Now that we’ve spent some time on technique and correctives for the overhead pull, we can now dive into some different approaches to training this movement successfully. As you probably know, that just trying to increase your reps will only work for a while and will most likely taper off. So instead of just mindlessly trying to add reps or load in, this post will show you how to use various approaches to earn this movement, increase reps, weight lifted and so on. Try them out for an a few weeks and see which one or combo produces the best results for you.

The first variable that we should talk about is sets. You see just doing everything for 3 x 10 May not work in you getting this move down, especially if it is in the upper levels of your strength. If that is the case and it is a more difficult move for you, you will want to do lower reps and take a longer rest in between sets. Now, if a long rest makes you feel guilty or if you don’t have a lot of time, you can do super sets. Just leave your grip and pulling muscles out of it. So you can do core work and or a lower body push that is lighter. If your goals is to do pull-ups you will need to focus on that. My recommendation is to start off with 3 to 4 sets of 5 reps or lower and wave your reps at times. (Do more sets of less reps)



This variable is going to be important for training longevity and to bridge the gap between progressions. It however should be increased slowly. Some ways that you can do that are clustering, escalating density adding reps in and so on. One method that I like to use is ladders and to add a rep on in at various spots for example if I am doing a ladder of 1,2,3 and want to add in a rep, I cab put it in at 1 or at 2 of my ladder. I will do this in order make sure my rep are quality ones on all of the rungs if the ladder.


Learning to create greater tension on your chin is another way to train and to improve your movement and technique as you train. Learning how to create tension will automatically make you stronger and help you better keep your form as you train.


How many weeks will you train without progressing or adding in some wise variety as to not over train. Will you switch your grip? Use rings?  Do less reps and more sets? Do more reps and less sets? Have a plan so that you know you will get results from your program over the long haul and better avoid injury as you do!


How often will you do chins? Will you choose to grease the groove or do two sessions a week for a while? Frequency is another variable you can do to get results. So use it wisely!

Slow and controlled:

Another simple way of progressing with the amount of volume and difficulty is to change the tempo and go slower with pauses on the top or bottom of the move.


Along with that approach there is doing the move more explosively to make gains. Please be aware that when I talk about explosive, it is not a jerky move. But rather a controlled move with tension throughout as explosively as possible.

Use various moves same but different:

Training the same movement pattern over and over again without variation is not a good thing and may lead to breakdown and overuse. However, not doing a move without repetition will lead to de-conditioning and most likely will not create progress. So instead you will want to use the same but different principle and change your grip, use rings and so on in order to make sure that you are on the gain train and not overdoing it!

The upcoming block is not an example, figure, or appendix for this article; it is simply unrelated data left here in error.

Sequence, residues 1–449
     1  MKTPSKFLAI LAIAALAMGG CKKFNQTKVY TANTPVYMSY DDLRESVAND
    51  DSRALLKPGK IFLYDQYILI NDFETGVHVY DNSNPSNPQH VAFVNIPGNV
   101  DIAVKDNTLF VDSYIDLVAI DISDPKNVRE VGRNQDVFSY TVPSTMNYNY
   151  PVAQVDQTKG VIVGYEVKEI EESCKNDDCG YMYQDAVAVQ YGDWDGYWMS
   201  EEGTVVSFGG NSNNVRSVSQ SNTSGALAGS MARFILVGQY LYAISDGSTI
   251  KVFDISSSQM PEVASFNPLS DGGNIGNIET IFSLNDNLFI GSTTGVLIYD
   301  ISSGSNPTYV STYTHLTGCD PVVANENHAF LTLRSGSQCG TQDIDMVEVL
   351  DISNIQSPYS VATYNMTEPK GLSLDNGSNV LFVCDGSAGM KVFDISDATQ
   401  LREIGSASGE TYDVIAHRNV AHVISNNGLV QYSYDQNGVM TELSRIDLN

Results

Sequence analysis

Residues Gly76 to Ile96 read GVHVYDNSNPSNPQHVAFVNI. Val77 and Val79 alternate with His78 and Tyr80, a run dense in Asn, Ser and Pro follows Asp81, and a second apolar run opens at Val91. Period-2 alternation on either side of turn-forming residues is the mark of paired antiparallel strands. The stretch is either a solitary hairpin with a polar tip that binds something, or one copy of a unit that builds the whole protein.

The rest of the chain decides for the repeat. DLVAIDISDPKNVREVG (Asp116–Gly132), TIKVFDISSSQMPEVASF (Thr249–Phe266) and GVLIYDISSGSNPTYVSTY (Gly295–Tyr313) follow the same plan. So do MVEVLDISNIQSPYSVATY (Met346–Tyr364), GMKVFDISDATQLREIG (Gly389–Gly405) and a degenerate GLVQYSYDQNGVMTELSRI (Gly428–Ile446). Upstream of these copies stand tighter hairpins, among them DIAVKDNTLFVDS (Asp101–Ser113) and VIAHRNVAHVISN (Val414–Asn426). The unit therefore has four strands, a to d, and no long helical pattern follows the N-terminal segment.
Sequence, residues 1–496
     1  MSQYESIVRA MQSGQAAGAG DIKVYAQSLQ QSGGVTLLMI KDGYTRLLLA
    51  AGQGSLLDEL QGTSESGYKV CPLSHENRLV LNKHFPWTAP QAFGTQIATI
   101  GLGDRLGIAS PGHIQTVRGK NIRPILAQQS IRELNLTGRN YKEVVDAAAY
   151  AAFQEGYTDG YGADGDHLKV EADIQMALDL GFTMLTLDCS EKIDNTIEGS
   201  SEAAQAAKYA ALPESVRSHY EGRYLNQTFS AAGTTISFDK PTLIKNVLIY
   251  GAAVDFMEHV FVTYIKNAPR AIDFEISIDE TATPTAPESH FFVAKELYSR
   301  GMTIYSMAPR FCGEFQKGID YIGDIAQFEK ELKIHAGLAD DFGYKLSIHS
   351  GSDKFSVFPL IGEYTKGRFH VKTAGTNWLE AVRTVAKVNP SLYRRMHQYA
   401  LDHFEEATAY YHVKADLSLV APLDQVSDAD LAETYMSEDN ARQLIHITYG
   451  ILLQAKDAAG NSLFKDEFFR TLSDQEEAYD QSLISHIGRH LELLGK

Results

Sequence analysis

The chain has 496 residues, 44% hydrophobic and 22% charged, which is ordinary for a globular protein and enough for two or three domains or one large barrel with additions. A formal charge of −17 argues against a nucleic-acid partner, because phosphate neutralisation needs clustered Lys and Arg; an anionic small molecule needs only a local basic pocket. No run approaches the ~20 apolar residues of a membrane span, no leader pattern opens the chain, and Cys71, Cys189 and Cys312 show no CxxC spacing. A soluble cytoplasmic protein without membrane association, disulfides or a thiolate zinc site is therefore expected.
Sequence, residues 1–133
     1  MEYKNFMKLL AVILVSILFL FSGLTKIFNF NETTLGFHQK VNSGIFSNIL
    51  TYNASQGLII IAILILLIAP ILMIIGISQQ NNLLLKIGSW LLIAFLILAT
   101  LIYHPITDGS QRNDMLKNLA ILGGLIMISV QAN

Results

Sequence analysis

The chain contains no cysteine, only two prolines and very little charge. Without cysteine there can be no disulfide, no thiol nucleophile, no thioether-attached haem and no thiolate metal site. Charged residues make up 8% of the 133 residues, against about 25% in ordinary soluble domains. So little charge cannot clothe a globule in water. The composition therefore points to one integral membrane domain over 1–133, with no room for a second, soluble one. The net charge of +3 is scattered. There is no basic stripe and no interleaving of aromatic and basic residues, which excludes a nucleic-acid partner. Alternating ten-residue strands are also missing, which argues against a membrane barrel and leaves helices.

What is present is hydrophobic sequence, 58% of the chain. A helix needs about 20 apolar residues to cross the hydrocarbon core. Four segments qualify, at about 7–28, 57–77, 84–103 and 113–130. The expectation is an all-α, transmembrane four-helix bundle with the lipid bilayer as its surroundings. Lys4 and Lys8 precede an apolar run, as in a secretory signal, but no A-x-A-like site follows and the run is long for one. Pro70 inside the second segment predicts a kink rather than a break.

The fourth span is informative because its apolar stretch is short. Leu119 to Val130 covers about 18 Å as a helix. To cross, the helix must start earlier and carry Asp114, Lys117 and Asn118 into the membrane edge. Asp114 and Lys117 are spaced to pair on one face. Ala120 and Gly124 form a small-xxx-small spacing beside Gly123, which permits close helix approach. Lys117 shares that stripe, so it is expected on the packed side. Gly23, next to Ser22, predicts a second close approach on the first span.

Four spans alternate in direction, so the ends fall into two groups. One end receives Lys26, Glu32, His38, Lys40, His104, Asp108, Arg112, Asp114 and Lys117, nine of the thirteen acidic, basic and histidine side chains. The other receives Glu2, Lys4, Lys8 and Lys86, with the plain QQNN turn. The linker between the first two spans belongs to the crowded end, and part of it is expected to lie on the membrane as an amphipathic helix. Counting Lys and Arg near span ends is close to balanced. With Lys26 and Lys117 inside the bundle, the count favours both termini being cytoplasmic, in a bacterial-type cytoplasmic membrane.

Rest range:

Lastly and maybe the most important and often neglected factor is the rest interval or period between sets and rungs of a ladder. Many times people misguidedly rush through their rest period to get stronger and to try to turn what is an intense move into a conditioning exercise. This usually leads to getting weaker on each set (unless it has become an easier move.) instead of recovering and returning to baseline and or possibly getting stronger as they go.

So if chin-ups are a difficult exercise for you and you want to build strength, rest anywhere from 3 to 5 minutes in between sets and keep your reps and sets on the lower side. If you do, you will progress quicker in your strength development and most likely have better quality movement which is necessary to progress.

Now if your progression has gotten easier, then you could take some time off your rest period to progress. But not too much, (30 seconds to 1 minute) if you do you most likely will not be able to maintain movement integrity as you work out and probably not progress any further. Remember the S.A.I.D principle, we adapt to what we do and not what we try to do!

Take your time to plan out your program and utilize these points to improve your chin-ups and earn your first one as you train.

Try out these points one or two at a time for a month to 6 weeks and develop better strength and movement as you train for example: increase or decrease your rest as needed and focus on creating greater tension, using the drills that were given in the former posts. Then as the cycle ends, you can utilize a more frequent approach and a slower tempo. Just keeping working these concepts and build your strength, then I will see you at the bar! The chin-up bar that is!

See you next week for the final post in this series!


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